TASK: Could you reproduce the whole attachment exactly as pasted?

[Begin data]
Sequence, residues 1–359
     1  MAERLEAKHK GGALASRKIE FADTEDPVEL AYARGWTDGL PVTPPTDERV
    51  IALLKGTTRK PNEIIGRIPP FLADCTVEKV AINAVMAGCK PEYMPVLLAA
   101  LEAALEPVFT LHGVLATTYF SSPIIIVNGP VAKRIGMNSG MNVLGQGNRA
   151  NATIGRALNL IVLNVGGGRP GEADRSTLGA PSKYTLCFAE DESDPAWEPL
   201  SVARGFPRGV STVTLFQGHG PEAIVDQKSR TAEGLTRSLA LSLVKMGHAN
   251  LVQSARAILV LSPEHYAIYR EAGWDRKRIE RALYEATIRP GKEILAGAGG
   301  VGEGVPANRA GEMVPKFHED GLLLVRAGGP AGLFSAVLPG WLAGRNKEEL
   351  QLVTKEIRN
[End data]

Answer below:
Sequence, residues 1–359
     1  MAERLEAKHK GGALASRKIE FADTEDPVEL AYARGWTDGL PVTPPTDERV
    51  IALLKGTTRK PNEIIGRIPP FLADCTVEKV AINAVMAGCK PEYMPVLLAA
   101  LEAALEPVFT LHGVLATTYF SSPIIIVNGP VAKRIGMNSG MNVLGQGNRA
   151  NATIGRALNL IVLNVGGGRP GEADRSTLGA PSKYTLCFAE DESDPAWEPL
   201  SVARGFPRGV STVTLFQGHG PEAIVDQKSR TAEGLTRSLA LSLVKMGHAN
   251  LVQSARAILV LSPEHYAIYR EAGWDRKRIE RALYEATIRP GKEILAGAGG
   301  VGEGVPANRA GEMVPKFHED GLLLVRAGGP AGLFSAVLPG WLAGRNKEEL
   351  QLVTKEIRN